An inside look at Universal Horror Nights

Courtesy of LA Times
Courtesy of LA Times

John Murdy’s mother made the mistake of showing him Frankenstein when he was four years old. He fell in love with classic horror monsters, and from there started using his parents’ garage to host his own neighborhood haunted house at age 10. “Every year it got bigger and bigger. My dad finally told me we couldn’t do this anymore.” In the end, hundreds of people lined up to see the event.

Murdy is now the creative director at NBCUniversal for Halloween Horror Nights, where he brings that childlike fascination with horror to life in the form of mazes for thousands to witness. The creation of this attraction is a year-long process. “By December we usually have already starting planning for next year,” Murdy revealed, “and we are working up until opening night.”

During my preview of the mazes that will be debuted later in September, even in the daylight, and with Murdy explaining his creative decisions along the way, it was a scalp-tingling experience. While Murdy described different scenes the mazes bring to life from the FX series “American Horror Story,” I tried to focus on my notebook instead of the almost too realistic dead bodies swaying from the ceiling.

The maze itself bears an uncanny resemblance to the show. Murdy shared that to create just one maze, he’ll go through thousands of frames trying to find the perfect images and scenes that will best translate into sets. Each time you turn the corner of the maze you are in a different scene from the show. It begins with the pilot episode of the series, and then progresses into a morbid carnival aesthetic, complete with murderous clowns and deranged circus performers.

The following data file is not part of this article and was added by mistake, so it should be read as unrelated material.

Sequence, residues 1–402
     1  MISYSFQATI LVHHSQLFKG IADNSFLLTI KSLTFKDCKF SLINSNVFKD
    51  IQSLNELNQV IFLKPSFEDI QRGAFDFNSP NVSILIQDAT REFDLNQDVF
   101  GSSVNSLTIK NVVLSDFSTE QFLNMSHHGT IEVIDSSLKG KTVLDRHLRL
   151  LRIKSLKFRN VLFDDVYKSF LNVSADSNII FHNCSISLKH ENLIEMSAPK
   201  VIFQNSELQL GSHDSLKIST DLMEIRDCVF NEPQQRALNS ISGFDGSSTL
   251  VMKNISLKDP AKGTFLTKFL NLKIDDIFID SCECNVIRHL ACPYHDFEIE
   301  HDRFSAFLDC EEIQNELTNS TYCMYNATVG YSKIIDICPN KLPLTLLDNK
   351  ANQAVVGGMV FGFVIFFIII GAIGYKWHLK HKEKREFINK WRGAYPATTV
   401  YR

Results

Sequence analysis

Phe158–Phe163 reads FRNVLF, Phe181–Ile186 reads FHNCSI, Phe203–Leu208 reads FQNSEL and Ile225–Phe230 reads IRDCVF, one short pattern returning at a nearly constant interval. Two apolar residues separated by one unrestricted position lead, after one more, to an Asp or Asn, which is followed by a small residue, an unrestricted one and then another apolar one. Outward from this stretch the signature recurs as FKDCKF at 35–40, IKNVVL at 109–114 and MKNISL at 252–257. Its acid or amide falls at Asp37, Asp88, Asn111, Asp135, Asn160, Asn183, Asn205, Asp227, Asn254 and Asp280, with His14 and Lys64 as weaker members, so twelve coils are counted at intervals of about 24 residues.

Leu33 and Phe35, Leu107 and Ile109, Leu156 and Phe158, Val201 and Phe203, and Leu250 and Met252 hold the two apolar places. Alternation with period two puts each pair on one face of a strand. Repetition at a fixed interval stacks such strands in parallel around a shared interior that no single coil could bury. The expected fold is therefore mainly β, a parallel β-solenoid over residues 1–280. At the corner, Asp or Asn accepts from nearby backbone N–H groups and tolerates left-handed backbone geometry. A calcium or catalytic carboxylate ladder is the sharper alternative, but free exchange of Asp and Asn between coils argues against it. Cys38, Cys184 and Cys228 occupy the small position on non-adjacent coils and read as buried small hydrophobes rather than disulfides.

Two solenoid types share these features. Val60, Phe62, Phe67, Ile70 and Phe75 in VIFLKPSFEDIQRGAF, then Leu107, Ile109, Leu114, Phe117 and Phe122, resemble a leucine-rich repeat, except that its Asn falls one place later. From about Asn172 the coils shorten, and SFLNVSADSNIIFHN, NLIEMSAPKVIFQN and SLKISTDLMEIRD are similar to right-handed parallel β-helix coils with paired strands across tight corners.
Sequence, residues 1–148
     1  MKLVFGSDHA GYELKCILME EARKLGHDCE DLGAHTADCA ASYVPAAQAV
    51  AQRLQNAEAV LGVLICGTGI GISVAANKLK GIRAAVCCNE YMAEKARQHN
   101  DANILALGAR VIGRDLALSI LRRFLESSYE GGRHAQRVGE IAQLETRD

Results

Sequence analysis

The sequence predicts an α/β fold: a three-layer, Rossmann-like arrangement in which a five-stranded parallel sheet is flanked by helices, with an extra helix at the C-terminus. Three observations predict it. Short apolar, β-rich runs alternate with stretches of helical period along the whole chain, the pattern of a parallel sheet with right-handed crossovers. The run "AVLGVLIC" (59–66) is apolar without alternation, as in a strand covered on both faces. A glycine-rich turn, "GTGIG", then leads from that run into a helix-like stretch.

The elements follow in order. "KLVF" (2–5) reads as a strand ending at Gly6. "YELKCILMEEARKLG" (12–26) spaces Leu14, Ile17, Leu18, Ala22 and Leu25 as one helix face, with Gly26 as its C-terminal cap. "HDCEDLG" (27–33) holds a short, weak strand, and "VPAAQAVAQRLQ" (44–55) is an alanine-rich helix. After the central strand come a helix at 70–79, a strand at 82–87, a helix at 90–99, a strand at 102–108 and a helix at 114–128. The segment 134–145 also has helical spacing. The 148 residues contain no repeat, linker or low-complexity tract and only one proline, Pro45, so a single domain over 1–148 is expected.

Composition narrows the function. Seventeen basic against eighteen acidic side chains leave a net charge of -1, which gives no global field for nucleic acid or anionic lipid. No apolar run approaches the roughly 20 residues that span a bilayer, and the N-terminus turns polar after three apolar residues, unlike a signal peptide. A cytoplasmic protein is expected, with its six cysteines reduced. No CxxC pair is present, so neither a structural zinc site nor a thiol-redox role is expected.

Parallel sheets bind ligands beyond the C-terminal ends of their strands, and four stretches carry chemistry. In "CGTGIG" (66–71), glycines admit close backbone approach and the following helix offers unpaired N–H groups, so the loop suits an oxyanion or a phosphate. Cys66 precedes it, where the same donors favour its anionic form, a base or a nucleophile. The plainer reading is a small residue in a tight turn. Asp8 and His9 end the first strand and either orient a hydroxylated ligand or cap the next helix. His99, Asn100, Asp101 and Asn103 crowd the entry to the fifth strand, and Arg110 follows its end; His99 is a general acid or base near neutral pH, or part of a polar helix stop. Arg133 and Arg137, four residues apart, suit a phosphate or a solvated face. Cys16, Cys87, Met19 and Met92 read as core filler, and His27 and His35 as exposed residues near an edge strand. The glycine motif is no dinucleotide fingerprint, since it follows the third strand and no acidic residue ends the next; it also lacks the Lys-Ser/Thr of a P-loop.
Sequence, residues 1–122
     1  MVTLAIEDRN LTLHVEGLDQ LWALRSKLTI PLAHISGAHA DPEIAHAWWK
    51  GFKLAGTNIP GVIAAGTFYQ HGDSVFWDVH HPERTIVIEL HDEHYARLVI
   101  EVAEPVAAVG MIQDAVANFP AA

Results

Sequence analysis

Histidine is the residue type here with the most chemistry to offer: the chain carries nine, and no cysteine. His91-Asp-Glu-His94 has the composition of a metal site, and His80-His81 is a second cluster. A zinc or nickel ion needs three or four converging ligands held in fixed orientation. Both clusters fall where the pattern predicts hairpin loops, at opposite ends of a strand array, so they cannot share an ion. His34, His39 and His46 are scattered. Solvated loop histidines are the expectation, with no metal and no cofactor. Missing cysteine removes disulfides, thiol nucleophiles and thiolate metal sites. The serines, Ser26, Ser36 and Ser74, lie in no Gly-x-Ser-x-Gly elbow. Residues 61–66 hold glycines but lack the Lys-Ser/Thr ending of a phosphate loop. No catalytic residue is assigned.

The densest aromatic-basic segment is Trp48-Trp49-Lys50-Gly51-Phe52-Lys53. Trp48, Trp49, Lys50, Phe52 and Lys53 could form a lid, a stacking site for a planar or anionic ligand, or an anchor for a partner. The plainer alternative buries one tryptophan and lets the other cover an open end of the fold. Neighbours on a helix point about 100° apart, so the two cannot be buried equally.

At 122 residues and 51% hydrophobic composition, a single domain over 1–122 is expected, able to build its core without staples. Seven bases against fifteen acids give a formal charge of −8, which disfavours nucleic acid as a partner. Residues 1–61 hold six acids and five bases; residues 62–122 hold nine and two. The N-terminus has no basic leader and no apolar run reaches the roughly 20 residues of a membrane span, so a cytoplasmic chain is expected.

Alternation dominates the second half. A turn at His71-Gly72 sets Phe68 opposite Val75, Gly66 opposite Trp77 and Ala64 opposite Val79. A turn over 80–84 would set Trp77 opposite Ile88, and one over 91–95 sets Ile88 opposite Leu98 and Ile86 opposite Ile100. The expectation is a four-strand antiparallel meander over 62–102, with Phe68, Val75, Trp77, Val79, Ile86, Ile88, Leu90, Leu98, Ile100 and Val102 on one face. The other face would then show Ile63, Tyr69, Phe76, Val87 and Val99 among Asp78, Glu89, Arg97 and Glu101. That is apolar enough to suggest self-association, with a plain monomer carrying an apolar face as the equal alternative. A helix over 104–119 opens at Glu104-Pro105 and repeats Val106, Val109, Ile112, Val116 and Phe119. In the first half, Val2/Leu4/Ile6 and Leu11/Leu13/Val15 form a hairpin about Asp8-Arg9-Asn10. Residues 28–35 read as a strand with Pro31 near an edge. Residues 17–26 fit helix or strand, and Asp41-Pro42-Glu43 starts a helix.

From there is one of the most impressive parts of the maze: The hotel. In the series, the hotel season is a period piece that takes place in an art deco style building. Much care has gone into the building and design to make this version of the hotel feel authentic and downright terrifying.

For his process, Murdy says he tries to seek “a balance of the expected and unexpected,” giving fans enough of what they want and love about the show while still surprising them at every turn. Before anything can be built though, Murdy writes a 100-page treatment for each maze. There are 10 mazes this year, which brings his total written in the investment in the project to the length of a long novel. When he described this, it sounded like he was still the same kid who fell in love with horror monsters like Frankenstein, and just happened to be getting getting paid to bring them to life now.

Besides “American Horror Story,” there are also more recent franchises showcased like “The Purge and The Walking Dead.”

Of course, there’s still plenty of room for the classics this year at Universal. Among the other attractions are quintessential horror stories like “Freddy vs. Jason,” “The Exorcist,” and Michael Myers’s “Halloween.”

During a visit to Kraven Industries and Elm Street, you’ll be thrown into one of the most realistic horror sets you have ever seen. It’s definitely too close to the real thing for comfort. Freddy is arguably one of the most classic and terrifying characters to exist within the horror world, right up there with Frankenstein himself, which makes this maze one of the highlights of the event.

This year’s Horror Nights is sure to be a thrilling night out, and well worth the ambitious commute from the Riverside area.

Facebook Comments